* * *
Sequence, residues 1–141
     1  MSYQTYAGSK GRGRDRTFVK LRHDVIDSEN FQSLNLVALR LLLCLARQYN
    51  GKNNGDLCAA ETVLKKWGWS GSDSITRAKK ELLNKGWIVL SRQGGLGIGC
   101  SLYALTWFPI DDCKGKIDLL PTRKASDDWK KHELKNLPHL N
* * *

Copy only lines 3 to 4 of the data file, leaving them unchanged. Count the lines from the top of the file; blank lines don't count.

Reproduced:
    51  GKNNGDLCAA ETVLKKWGWS GSDSITRAKK ELLNKGWIVL SRQGGLGIGC
   101  SLYALTWFPI DDCKGKIDLL PTRKASDDWK KHELKNLPHL N